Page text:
Everybody complains about problems / certain issues, but what exactly are you doing about it? Now, even if Kennedy complains about justice in the society, at least we can see that he’s trying to do something about it by venturing into law with the mindset of cleaning up the mess that is there. You may not necessarily be in the position to become a lawyer, you may not even be interested in being one (I mean, I know I’m not), but there are small ways that you can contribute to instilling justice in the society. For example, are you the one giving a bribe, or speaking up against it? If you are a leader / boss, even in a small company, how exactly are you using your powers / authority? Are you using it to favor certain people, or to give equal and fair opportunities to your employees and / or citizens?
‘There is a right and a wrong in the universe, and that distinction is not hard to make ~ Superman.’
Also, CHASE YOUR PASSIONS! I know how cliché some of these statements have become, but the people that I’ve featured in my blog, including Kennedy himself, have done nothing but support them. Studying law is obviously demanding, but from the conversation above, you can see how much knowledge Kennedy has about football. His interest / passion is not choked or drowned by his studies. You are never too busy to chase your dreams or spend time with those that you love. MAKE THE TIME! All we do is give excuses, but really, there is nothing stopping us; not even studies / work. We are the ones who stop ourselves. Most people probably choose to settle on what they have going for them and let go of their passions / goals / dreams / ambitions, but you are not ‘most people’. Be that different lawyer that still satisfies his passion for football, be that different person who relentlessly pursues their passions / dreams without ceasing; BE A JUGHEAD AND OWN IT! Don’t settle, don’t be ‘most people’, BE YOU! That’s how you’ll reach your maximum potential.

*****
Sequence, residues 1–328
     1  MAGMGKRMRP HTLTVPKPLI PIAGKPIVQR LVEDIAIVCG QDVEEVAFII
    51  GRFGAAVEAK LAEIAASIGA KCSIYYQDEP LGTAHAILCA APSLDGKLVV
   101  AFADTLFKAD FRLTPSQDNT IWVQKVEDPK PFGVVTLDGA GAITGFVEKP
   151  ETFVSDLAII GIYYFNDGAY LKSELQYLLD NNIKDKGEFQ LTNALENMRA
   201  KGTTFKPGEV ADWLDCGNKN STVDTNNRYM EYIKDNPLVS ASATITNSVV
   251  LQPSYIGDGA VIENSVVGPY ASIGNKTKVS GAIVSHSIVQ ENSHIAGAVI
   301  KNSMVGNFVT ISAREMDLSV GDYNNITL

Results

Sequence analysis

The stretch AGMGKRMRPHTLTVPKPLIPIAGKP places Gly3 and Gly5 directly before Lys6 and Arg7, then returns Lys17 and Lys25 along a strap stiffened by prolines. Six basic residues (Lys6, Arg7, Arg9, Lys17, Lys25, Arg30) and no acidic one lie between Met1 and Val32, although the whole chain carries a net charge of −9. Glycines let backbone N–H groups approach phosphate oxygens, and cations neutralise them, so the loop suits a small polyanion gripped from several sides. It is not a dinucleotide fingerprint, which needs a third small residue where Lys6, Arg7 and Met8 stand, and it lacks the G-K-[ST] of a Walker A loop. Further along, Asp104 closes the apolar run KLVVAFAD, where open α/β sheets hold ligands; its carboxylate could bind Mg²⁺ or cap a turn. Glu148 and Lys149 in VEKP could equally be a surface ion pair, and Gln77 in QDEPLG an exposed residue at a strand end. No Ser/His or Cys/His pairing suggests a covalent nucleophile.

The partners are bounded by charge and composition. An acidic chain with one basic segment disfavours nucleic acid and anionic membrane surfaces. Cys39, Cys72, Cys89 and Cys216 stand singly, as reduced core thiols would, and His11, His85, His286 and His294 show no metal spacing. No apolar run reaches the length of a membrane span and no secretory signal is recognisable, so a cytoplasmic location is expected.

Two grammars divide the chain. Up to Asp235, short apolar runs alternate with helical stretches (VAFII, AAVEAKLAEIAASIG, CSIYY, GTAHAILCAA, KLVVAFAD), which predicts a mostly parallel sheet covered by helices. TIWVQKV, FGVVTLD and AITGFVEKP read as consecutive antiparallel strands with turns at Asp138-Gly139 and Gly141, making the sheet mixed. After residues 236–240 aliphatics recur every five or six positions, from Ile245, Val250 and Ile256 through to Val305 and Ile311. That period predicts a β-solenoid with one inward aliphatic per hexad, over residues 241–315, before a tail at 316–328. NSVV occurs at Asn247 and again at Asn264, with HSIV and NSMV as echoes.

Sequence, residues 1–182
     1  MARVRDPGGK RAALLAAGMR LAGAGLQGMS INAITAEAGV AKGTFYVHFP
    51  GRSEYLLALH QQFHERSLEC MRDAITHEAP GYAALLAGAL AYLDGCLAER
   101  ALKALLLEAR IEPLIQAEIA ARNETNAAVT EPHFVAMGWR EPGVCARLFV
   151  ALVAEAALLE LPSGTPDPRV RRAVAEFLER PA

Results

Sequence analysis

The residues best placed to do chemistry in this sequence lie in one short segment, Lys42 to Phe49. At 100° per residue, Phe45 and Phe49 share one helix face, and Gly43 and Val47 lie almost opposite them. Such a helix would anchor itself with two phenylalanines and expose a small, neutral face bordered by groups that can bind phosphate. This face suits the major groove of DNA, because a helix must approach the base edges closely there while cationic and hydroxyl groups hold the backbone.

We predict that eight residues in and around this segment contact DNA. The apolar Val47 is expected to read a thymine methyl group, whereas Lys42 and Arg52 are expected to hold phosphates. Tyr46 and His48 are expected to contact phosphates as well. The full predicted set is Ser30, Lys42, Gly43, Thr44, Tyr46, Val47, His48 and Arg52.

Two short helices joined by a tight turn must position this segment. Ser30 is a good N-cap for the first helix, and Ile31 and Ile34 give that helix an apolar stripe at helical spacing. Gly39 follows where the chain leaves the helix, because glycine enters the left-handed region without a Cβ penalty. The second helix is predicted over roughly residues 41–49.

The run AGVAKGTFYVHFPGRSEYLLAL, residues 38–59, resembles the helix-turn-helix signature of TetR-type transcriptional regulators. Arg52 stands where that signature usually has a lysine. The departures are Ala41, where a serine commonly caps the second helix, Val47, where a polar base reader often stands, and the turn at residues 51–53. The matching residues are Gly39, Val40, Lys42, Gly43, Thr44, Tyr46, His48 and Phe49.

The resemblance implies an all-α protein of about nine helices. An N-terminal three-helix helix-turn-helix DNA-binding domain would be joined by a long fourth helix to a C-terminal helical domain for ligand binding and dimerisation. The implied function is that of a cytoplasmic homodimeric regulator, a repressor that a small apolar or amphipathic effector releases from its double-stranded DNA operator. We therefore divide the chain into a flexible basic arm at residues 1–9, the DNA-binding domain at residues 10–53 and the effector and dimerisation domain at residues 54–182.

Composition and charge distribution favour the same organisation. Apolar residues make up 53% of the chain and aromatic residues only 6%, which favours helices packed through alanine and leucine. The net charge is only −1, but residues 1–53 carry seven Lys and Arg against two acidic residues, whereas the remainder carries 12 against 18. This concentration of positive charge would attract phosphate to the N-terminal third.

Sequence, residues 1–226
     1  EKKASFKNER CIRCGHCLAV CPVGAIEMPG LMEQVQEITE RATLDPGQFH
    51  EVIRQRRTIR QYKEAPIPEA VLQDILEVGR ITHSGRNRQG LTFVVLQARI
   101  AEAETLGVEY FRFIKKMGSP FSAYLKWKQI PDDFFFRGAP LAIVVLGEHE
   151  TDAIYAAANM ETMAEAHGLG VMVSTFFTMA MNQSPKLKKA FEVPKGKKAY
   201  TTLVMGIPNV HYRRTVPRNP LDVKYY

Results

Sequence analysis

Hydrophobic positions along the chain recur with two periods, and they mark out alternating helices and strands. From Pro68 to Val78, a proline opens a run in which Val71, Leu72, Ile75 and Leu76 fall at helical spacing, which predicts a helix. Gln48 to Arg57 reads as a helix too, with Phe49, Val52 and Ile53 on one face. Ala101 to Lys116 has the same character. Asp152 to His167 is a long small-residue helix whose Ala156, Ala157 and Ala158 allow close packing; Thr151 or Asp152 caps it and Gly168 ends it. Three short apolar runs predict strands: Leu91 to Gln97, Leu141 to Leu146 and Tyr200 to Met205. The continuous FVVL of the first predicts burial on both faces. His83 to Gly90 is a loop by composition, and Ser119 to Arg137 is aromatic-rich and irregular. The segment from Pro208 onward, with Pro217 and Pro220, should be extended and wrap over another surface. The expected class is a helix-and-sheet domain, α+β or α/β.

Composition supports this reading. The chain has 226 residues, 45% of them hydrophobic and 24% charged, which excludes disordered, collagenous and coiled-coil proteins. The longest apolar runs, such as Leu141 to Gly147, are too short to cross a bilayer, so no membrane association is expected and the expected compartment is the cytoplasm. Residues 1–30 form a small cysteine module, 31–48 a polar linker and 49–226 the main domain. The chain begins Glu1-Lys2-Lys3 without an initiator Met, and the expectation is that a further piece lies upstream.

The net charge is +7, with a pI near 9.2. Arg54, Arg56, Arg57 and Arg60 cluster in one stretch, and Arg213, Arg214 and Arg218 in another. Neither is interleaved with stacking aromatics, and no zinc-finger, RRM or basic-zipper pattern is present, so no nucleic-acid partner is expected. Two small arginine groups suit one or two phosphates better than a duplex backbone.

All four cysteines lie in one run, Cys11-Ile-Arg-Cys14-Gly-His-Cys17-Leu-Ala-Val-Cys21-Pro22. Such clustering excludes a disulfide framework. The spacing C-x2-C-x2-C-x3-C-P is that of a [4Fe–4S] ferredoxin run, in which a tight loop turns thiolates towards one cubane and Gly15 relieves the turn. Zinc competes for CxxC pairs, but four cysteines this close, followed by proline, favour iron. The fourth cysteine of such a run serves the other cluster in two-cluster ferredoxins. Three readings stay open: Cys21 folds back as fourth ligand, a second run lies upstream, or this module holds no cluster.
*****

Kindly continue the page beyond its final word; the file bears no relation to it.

Lastly, GOD! I don’t need to say too much about Kennedy’s faith, because he made it pretty clear in the conversation by quoting a few verses here and there. We are nothing without God. Put Him first, and let Him lead you; then let go and TRUST THE PROCESS!
I hope that this post challenged and inspired you as much as it did for me. As always, don’t forget to:
Have a lovely week! 🙂